​Early last year, data scientist Chad Stripling decided he was ready for a change. 

Since late 2018, he had held rewarding roles at two major national retailers, but thoughts about his former employer’s culture kept tugging at the back of his mind.

So three and a half years after leaving, he returned to 84.51°, a Cincinnati-based data science and insights company owned by supermarket chain Kroger.

“The culture at 84.51° is very unique,” Stripling says. “The employees are extremely collaborative, and the passion they have for continued learning and development helps spur innovation and career ­advancement opportunities. And both Kroger and 84.51°’s investments in data, technology and science are unmatched in my experience.”

Stripling, who had worked as a data scientist at 84.51° from 2015 to 2018, jumped at the chance to apply when he saw a job posting for a data science and cloud analytics director role, a position he felt matched his skill set and career aspirations. In February 2022, he rejoined the organization in the new position.

Stripling is part of a growing movement of boomerang employees—workers who leave a company only to return down the road. That’s not a new phenomenon, of course, but boomerang employees are enjoying something of a renaissance. A 2023 global Visier Insights Report found that almost 30 percent of external hires between 2020 and early 2022 were actually rehires.

Much of this recent boomeranging activity is in response to the seismic changes that the pandemic brought to the world of work and life in general. Many people have re-evaluated their work life in recent years, with some deciding to seek out more flexibility, better pay or new industries. Others left their jobs because of child care struggles or burnout. Between April and August of 2021, there were a staggering 20 million resignations. Screen Shot 2023-09-05 at 11531 PM.png

However, research shows that many who voluntarily left their jobs now regret it. A 2022 UKG survey of 4,000 employees in six countries found that 43 percent of the people who quit during the pandemic say they were better off at their old jobs.

That reality poses an opportunity for HR departments to ramp up their rehiring efforts. Bringing back a former employee can be a win-win for employers and employees, under the right conditions. 

“These returning employees may have new skills, knowledge and expertise to share that they acquired during their time away,” says Sandra Moran, chief customer experience and marketing officer at Livonia, Mich.-based WorkForce Software, a management solutions company with 630 employees. “Many rehired employees also experience a sense of loyalty and gratitude that can positively impact the company and other team members.”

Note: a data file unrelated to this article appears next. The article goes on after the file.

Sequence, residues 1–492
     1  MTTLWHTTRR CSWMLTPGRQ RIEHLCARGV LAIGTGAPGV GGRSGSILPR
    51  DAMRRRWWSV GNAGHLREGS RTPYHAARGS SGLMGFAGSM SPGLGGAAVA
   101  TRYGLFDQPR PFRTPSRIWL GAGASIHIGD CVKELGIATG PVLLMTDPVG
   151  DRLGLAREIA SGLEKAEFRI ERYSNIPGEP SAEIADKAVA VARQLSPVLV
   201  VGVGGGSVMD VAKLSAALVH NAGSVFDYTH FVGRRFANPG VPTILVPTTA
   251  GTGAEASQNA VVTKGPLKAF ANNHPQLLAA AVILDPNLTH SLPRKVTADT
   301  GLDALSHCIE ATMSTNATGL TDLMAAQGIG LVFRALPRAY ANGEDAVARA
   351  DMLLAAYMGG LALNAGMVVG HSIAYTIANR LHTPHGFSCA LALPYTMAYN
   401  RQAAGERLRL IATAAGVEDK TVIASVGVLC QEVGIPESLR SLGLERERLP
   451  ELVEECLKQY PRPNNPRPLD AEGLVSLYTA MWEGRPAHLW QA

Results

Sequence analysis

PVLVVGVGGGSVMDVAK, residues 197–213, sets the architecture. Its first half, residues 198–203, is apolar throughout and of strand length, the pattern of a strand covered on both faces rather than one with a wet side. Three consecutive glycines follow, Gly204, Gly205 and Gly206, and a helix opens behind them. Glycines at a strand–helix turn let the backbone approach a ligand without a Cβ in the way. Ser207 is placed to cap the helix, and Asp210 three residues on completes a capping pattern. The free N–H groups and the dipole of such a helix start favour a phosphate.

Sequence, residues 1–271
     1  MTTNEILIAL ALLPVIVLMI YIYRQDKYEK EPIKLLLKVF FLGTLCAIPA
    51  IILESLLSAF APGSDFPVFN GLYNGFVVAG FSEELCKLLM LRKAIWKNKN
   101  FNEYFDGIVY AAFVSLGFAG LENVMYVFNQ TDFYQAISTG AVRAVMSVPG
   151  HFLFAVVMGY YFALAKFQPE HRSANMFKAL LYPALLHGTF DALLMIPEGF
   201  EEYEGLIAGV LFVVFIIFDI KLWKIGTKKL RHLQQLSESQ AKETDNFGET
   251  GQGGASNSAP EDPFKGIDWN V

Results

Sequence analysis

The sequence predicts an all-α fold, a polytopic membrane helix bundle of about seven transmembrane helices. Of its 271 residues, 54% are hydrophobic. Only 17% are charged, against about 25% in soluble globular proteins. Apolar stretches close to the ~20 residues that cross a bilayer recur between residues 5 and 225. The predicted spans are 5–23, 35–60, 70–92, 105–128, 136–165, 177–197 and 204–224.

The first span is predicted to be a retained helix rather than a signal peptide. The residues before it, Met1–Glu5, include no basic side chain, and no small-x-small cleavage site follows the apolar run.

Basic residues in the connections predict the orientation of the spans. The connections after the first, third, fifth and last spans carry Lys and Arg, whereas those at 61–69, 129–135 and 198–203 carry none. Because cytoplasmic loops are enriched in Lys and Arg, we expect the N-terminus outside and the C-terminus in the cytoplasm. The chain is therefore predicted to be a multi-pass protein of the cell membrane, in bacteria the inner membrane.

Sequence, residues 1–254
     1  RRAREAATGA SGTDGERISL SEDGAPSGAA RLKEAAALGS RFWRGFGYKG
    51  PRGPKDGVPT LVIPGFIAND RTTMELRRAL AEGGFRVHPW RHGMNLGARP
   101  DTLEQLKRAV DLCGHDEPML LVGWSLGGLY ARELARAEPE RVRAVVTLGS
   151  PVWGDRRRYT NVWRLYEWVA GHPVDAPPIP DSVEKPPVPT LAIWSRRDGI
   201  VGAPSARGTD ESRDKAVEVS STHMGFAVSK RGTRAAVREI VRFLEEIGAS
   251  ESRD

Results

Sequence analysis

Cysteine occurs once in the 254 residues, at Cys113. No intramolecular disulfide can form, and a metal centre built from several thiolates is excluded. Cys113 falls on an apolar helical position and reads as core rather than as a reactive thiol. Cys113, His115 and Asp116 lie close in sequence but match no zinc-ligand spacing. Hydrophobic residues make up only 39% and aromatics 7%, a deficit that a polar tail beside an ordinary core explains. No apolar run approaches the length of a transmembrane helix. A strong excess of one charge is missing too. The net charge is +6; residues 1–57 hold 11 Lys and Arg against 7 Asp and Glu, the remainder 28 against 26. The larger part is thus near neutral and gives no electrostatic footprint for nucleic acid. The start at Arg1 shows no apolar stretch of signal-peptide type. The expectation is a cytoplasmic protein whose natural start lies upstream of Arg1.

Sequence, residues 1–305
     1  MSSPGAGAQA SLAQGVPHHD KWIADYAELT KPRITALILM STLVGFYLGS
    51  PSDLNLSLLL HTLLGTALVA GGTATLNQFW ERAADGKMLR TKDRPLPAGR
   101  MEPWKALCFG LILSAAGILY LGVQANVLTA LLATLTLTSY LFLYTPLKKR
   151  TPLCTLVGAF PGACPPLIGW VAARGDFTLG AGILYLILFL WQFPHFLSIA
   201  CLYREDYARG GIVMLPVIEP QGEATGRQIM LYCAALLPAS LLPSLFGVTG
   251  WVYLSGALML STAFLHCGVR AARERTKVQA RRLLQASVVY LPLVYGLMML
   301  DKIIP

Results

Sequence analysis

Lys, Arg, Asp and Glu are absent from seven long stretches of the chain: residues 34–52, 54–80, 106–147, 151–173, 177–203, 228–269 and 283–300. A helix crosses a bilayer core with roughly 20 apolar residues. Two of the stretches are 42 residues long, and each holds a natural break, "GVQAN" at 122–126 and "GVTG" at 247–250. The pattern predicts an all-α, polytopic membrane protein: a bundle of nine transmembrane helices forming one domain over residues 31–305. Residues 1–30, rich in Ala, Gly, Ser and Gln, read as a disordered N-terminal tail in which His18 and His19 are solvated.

Who’s Returning? 

Workers of all types and stripes can become boomerang employees, but recent research paints a picture of who is more likely to return to their former workplace, and how. Typically, boomerang employees are lured back by higher-ranking positions with better pay than what they received previously. Visier’s research, which analyzed 15 million employee records at 15,000 companies globally, shows that 44 percent of boomerang employees return as managers, compared with 26 percent who return as individual contributors. Boomerang employees also earn an average of 25 percent more in pay when they return. 

The sweet spot for a former employee to return is after they’ve been away for 13 months. After 16 months, the likelihood of an employee returning begins to drop off. More than one-quarter of those who return are high-performing employees, as determined by their performance ratings.

 Common reasons employees return, the UKG survey found, are that the new job didn’t meet their expectations; they miss their former co-workers, workplace culture or customers; or they have the ability to return to a higher-level job at greater pay. Surprisingly, 1 in 5 workers who quit their job post-pandemic actually took a pay cut in their new role.Screen Shot 2023-09-05 at 11549 PM.png

“Many employees discover they were happier or more fulfilled on their former team. Or in some cases, decisions might be fueled by benefits, such as flexible work arrangements, commute time and advancement opportunities,” says Jeffrey Oliver, SHRM-CP, head of people for Long Beach, Calif.-based myPlace Health, an integrated care delivery organization for older adults. 

Boomerang employees also tend to maintain connections with their past workplace through contact with former co-workers or bosses, or as a member of the organization’s alumni network. 

That was the case for Tori Rochlen, SHRM-CP, who in April returned to SkillCycle, a New York City-based education technology company with 26 remote employees, to become director of learning success and enablement. Rochlen had left the company in May 2022 to earn her coaching certification.

“The company fully supported my decision to pause working full time in order to follow a passion, which meant furthering my education,” Rochlen says. “They financially sponsored my education/certification course and sponsored coaching sessions to help support me on my journey. This was more than I could have ever expected.”